The warm temperate Drosera consist of the Drosera capillaris group and the Drosera brevifolia group. These species grow in areas with a definite but mild winter. The plants can handle frost but do not form hibernacula during the winter and can not tolerate extensive freezes. They can be grown outdoors year round in USDA zones 9 and warmer. In colder climates they can be grown outdoors during during the warm months and overwintered in a cold frame, garage window, or cold greenhouse. They can also be grown in heated greenhouses and terrariums but will show periods of semi-dormancy.
Species of the Drosera capillaris group are found in North and South America. The group includes Drosera capillaris found in the south eastern USA and south coastal Brazil, D. esmeraldae found in Colombia and Venezuela, and D. biflora found in Venezuela and northern Brazil. The Central and South American species should be treated as subtropicals.
There is an extreme amount of variation in Drosera capillaris in the south eastern USA. The plants range from flat and "chubby" like the ones in central Alabama to erect and long petioled like the ones in central Florida. Some populations may vary in form throughout the year or with exposure to the sun. The northern ones are summer growing while the southern ones can be more robust in the winter. The Brazilian plants are "chubby" like the plants from Alabama.
Drosera brevifolia and related species are found in North and South America. The group includes Drosera brevifolia found in the south eastern USA and south coastal Brazil, D. colombiana found in Colombia, D. panamensis found in Panama, and D. cayennensis found in Venezuela and northern Brazil. Drosera brevifolia tends to be a biennial. That is it grows for a period of time which may span one or more growth seasons then blooms itself to death or near death. The other species in the group live in seasonal habitats where they die back during the dry season. They are extremely rare in cultivation so we don't know how they perform under different environments.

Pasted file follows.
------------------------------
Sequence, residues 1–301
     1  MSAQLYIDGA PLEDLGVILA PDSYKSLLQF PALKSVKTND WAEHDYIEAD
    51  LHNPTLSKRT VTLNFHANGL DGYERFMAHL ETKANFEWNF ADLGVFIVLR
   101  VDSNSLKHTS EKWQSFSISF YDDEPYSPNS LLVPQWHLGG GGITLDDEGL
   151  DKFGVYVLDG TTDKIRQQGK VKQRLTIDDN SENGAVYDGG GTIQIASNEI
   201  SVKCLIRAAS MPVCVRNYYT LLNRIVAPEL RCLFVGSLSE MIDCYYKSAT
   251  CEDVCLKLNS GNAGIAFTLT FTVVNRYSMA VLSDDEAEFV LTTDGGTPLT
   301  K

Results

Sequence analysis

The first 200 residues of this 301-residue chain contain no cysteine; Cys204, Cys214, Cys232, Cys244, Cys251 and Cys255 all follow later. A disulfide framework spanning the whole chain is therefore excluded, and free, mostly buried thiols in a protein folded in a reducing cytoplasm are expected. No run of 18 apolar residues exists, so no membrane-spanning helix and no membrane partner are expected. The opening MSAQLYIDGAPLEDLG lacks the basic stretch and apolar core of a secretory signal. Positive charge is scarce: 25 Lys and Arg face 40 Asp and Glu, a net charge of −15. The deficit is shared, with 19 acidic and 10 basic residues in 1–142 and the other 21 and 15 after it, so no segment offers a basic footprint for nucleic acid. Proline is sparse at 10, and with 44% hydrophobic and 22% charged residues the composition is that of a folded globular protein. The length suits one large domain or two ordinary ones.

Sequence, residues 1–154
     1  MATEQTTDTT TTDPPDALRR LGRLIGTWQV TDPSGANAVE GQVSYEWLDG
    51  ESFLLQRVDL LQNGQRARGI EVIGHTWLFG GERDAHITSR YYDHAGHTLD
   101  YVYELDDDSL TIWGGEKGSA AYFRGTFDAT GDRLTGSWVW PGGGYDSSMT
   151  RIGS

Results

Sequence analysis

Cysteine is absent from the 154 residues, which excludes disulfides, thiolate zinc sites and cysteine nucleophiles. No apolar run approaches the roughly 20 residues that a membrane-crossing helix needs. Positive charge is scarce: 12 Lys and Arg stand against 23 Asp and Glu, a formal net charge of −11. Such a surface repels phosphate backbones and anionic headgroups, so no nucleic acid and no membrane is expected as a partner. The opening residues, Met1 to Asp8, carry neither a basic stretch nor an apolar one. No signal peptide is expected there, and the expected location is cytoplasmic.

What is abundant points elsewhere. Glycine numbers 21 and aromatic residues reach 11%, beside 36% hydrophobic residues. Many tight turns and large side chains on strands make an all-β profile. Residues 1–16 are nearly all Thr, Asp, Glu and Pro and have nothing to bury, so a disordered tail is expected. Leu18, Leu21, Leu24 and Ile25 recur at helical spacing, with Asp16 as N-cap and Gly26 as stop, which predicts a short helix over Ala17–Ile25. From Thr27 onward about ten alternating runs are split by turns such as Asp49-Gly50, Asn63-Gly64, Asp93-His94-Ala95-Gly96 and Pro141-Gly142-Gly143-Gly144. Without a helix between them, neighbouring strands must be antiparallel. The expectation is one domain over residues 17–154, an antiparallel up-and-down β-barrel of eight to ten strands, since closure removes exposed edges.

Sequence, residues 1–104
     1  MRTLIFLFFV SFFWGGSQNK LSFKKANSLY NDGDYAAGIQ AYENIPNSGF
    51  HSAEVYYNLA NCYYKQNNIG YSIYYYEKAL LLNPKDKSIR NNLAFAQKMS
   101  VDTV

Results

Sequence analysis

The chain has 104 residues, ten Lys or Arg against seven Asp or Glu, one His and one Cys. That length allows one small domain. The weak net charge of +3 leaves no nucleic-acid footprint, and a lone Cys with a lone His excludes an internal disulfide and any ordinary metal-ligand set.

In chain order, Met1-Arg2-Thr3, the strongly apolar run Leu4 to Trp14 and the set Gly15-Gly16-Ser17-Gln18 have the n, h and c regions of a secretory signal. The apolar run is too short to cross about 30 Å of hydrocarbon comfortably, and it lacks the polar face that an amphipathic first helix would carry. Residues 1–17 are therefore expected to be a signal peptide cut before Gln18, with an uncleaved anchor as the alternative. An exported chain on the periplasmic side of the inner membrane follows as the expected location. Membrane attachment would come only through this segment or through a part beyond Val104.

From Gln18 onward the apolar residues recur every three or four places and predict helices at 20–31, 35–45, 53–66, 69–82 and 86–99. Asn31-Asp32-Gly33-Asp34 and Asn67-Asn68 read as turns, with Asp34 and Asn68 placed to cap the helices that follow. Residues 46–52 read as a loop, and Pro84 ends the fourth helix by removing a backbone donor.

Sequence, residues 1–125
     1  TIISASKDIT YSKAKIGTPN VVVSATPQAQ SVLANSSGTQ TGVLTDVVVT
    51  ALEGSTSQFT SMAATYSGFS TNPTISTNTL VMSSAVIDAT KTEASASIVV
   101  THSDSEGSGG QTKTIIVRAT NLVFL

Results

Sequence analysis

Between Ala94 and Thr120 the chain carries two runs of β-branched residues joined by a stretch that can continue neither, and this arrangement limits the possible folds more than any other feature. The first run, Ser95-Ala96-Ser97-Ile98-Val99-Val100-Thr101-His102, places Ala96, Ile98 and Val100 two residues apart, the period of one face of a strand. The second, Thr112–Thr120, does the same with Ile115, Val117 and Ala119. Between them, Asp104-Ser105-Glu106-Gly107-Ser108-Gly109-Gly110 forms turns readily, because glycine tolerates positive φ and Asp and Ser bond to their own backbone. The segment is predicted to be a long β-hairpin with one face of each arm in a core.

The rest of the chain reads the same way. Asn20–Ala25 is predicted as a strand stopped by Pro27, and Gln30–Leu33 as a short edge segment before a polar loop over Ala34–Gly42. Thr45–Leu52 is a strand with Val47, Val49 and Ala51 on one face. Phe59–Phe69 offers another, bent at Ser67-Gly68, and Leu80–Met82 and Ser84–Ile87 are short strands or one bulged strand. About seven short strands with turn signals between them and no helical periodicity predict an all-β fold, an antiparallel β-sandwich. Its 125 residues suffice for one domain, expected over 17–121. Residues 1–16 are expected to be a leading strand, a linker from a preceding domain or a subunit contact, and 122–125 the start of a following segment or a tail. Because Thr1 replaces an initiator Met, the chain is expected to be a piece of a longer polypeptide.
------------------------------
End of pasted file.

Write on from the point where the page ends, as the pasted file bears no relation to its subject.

These species can be started from seed like subtropical Drosera. Please see Sowing Seeds Step-by-Step for more details on starting seeds and the growing guide Growing Subtropical Drosera for more information on growing them. Adult plants are best managed if grown in small pots in trays of water.
These species can live for years if you do not let them bloom. The plants tend to go though cycles of growth and semi-dormancy. Cut off the flower stalks when you first notice them. If you let it bloom, make sure you collect the seed as the plant is likely to severely decline or die at this point.
-- John Brittnacher
For more information please see:
Miller, Jim (1980) The Green Swamp and Atlantic Coast Trip. Carniv. Pl. Newslett. 9(3):66-68 ( PDF )
Sheridan, Philip (1987) A Preliminary Report on Drosera intermedia x D. capillaris. Carniv. Pl. Newslett. 16(3):71-73 ( PDF )
Snyder, Ivan (2003) Curious Natural Hybrid Sundews. Carniv. Pl. Newslett. 32(2):52-56 ( PDF )
Drosera brevifolia grown in a terrarium. The plant can look a lot like Drosera spatulata but the flowers are relatively larger on shorter scapes.
Drosera capillaris from Autauga County, in central Alabama. This 20 mm wide plant is growing in a cool greenhouse.
Drosera capillaris from Autauga County, AL, growing outside.
Drosera capillaris from Pasco County, in west central Florida. These 60 mm wide plants are also known as the "long arm" form and "Pasco Giant". These plants look a lot like Drosera intermedia.
Drosera brevifolia. This 20 mm wide plant is growing in a cool greenhouse. It would be dark red in brighter light.